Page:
updated 04:10 pm EDT, Wed April 18, 2007
Enterprise looks to Macs
The CIO of Tacoma Washington-based Auto Warehousing is fed up with Windows systems, and has decided to begin testing Mac systems for a potential enterprise-wide switch to Apple technology. The company receives, accessorizes, and ships 5.5 million cars to dealers each year, making it the largest automobile processing company in North America, according to SearchCIO. "We use a proprietary application to run our business," said Auto Warehousing CIO Dale N. Frantz. The executive said he is tired of the rising price of Windows licenses and hardware costs associated with OS upgrades, but the company relies heavily on Microsoft's SQL server technology for its proprietary ERP system. "The application was built in-house. It's extremely dependent on Microsoft. The question is can we re-code the front end on neutral technology that can run on Linux or Mac."
Frantz has already reported some success on a proof-of-concept project designed to test the feasibility of switching to Macs, but admits that such a test environment doesn't guarantee the system will work at an enterprise-wide level.
"Can we truly come up with a front-end application that will perform enough of our business functions so that it can meet our operational needs?" the executive questioned. "Right now I've seen a proof of concept, but it's a pretty big leap from proof of concept to actual production."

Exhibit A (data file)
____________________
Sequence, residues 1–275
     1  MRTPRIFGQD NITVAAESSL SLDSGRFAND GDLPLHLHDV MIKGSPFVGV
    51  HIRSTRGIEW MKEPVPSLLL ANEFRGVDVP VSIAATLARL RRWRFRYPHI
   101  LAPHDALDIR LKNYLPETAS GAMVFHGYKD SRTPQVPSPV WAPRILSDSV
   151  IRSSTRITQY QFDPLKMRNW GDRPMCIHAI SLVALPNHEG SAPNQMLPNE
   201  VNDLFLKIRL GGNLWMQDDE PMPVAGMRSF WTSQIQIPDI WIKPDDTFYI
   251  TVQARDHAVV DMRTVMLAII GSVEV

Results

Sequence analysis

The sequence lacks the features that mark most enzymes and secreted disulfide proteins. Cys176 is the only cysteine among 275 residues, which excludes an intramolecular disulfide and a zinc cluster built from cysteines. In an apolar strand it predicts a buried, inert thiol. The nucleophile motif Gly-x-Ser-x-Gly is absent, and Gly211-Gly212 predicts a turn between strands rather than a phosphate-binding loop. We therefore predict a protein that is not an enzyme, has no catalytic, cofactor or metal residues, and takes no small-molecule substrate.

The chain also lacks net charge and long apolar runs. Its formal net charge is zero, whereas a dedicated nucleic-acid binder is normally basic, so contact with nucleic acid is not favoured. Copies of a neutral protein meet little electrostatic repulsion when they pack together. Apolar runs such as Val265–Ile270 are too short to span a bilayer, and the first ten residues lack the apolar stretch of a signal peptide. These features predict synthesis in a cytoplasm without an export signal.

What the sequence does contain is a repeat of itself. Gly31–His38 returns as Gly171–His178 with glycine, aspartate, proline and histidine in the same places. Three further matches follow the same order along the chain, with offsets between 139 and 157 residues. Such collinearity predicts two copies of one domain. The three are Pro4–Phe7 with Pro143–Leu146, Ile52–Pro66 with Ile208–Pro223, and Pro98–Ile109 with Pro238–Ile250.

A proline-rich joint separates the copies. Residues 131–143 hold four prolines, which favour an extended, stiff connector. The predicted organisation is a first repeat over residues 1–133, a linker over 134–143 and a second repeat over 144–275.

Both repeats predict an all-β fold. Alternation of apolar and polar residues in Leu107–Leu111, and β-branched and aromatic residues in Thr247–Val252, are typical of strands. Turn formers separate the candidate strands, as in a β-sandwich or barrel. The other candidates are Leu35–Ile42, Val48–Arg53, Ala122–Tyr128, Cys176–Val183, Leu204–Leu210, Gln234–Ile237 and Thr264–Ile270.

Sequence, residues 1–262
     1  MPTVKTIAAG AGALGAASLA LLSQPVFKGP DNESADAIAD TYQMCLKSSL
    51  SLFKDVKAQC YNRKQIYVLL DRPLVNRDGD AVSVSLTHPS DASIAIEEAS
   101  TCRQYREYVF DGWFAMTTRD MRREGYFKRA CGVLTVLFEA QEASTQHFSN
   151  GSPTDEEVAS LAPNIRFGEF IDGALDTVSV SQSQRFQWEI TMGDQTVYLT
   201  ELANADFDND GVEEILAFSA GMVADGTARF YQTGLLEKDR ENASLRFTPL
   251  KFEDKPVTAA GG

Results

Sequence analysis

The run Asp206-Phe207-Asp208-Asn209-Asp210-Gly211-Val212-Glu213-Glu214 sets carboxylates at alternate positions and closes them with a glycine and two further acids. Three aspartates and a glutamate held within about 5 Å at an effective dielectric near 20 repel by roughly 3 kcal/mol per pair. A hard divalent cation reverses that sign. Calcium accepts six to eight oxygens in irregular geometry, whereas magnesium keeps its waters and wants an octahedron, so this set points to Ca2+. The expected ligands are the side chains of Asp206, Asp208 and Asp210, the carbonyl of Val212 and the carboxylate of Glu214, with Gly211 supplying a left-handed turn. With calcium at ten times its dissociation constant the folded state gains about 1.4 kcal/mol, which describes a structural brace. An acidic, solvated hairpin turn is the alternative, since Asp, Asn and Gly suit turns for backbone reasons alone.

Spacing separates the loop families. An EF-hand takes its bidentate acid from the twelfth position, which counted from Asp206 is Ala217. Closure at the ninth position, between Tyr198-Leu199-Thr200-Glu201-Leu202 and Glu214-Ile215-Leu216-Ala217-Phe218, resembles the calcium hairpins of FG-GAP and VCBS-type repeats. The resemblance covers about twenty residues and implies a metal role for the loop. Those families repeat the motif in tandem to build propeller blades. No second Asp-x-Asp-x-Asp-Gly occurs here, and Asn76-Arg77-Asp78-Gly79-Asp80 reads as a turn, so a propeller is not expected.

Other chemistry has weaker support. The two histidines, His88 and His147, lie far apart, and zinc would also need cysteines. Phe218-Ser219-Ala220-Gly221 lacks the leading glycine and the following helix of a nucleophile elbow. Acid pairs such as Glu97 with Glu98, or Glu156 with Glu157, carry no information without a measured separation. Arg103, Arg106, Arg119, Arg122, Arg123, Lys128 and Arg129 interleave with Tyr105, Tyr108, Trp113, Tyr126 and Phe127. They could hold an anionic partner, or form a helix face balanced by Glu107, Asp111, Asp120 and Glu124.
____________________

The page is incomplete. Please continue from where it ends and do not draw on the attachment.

Nevertheless, Frantz noted that would need to replace every computer on his shop floor in order to upgrade to Windows Vista, and cited Microsoft's ever-increasing licensing fees as the Redmond-based company churns out further iterations of its desktop OS.
"[Microsoft] seems to feel that each subsequent operating system is worth a greater amount of money than the previous one," Frantz said. "Do I continue to throw money toward Microsoft or begin to look to something else?"
A bitter experience
Last year Microsoft notified Frantz that he may have some improperly licensed software within the confines of his company, and requested that analysts be allowed to search the company for license violations. Frantz kept detailed records of purchases and licenses, but conducted an internal audit anyway to appease Microsoft. Despite the audit, Microsoft wasn't satisfied, so Frantz turned to his lawyer who notified the CIO that the accusations were probably some sort of sales tactic, according to the report.
"We considered ourselves a good and loyal customer," Frantz said. "That left a bad taste in our mouth."
Switch to pose challenges
The executive admitted that there are major technical challenges involved with switching to Macs, but believes the option is worth investigating.
"We see some things we could gain by moving iMac equipment onto the shop floors," Frantz said. "The ability to do some videoconferencing, with cameras and microphones built in. We see some other technologies emerging that might be able to offset the cost of hardware, plus we have to buy new equipment to upgrade to Vista anyway."
Frantz explained that his staff members are enthusiastic about Macs, but that they're also anxious about whether the switch would make them obsolete. Management is concerned about training and support, while network administrators worry about potential interpretability issues. Additionally, developers don't know how to develop software for Mac systems.
"People are a little bit nervous," Frantz said. "I try my best to reassure them and tell them I'll bring anyone along for the ride that wants to come along for that ride."